A Great Global Sand Shortage Is Upon Us
We can now add sand to the list of natural resources that are being depleted by modernity.
Business Insider reports that in Southern California alone 67% of the beaches will be gone by the year 2100. The article says that the problem is twofold. First, there is the almost ubiquity of sand in in things like glass (obviously), computer chips and even toothpaste. The second problem is that not all of the sand on the planet is usable.
Expert Vince Beiser explained the latter: "...we can't use sand from the desert. Wind erosion makes the grains too round for most purposes. We need angular sand that interlocks like pieces to a puzzle. Like the sand generated from mountain rocks, pelted by rain, wind, and rivers for over 25 thousand years."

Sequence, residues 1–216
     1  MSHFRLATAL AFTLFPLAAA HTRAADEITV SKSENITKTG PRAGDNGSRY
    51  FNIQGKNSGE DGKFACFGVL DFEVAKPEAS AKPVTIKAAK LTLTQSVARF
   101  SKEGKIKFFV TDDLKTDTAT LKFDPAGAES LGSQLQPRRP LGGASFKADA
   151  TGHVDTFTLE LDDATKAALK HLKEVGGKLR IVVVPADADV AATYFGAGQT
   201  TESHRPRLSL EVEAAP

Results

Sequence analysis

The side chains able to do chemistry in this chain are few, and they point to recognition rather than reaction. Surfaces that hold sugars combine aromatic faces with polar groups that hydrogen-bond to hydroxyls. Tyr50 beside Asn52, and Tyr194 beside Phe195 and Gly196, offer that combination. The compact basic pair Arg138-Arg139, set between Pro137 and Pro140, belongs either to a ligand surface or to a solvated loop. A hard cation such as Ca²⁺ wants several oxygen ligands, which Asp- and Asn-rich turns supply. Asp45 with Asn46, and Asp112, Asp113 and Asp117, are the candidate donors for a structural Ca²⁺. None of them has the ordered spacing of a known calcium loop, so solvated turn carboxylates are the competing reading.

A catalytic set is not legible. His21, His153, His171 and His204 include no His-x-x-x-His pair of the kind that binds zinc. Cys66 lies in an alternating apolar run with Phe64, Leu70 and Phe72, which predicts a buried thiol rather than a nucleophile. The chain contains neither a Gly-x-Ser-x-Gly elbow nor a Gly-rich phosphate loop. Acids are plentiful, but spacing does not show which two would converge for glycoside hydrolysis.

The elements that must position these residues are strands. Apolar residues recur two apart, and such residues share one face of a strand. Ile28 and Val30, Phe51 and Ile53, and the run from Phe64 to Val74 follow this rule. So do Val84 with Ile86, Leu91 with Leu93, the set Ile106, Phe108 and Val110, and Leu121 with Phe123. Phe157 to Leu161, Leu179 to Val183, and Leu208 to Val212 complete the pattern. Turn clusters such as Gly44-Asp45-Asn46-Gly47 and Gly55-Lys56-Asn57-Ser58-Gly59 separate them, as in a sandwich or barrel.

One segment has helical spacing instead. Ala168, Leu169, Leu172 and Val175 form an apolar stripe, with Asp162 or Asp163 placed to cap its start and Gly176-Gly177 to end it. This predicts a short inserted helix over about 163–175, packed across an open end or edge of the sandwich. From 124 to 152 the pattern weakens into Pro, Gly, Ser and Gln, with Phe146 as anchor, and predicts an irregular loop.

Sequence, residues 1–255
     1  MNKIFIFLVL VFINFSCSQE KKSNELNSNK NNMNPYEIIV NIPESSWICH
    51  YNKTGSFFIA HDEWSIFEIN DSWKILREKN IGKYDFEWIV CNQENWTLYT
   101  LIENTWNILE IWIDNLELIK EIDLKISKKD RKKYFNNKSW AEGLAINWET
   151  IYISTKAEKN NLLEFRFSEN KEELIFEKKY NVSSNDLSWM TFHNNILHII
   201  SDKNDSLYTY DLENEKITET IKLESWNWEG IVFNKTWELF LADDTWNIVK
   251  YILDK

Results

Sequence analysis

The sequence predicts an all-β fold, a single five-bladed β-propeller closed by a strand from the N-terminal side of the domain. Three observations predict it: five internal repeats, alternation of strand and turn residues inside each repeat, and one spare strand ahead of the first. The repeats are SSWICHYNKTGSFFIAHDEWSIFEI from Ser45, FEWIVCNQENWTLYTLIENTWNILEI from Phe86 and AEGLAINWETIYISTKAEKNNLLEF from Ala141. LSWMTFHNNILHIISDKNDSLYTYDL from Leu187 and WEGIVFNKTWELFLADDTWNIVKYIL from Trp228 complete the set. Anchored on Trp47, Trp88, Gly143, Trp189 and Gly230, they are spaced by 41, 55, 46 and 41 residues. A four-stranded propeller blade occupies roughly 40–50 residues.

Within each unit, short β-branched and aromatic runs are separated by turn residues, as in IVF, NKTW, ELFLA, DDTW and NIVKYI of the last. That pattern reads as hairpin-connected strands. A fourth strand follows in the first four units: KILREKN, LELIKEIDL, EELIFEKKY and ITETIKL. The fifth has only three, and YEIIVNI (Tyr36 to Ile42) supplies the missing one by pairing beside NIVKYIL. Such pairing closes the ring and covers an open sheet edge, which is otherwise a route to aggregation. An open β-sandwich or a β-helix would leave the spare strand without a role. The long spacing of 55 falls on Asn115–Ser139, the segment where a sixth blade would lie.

Having just moved back to the Sonoran Desert I was quite perplexed until that was cleared up. I can assure all that there is still plenty of sand here.
Concrete -- a fact of life in the modern world -- is where a good portion of the needed marine sand is going. Three-quarters of concrete's composition is sand, with lime, clay, and water making up the other 25%.
According to the article, it takes "on average 200 tons of sand" to build a house, while "a hospital uses 3,000 tons, and a mile of a highway requires 15,000 tons."
So if we continue to want places to live, heal and drive we're going to be going through a lot of sand.
Unsurprisingly, China is the world's biggest consumer of sand, using it not only for roads and housing, but to build islands where there aren't any. In a three-year (2011-2013) span China used "more concrete than the US did in the entire 20th century," building "the equivalent to every highway, road bridge in the US. And the Hoover Dam."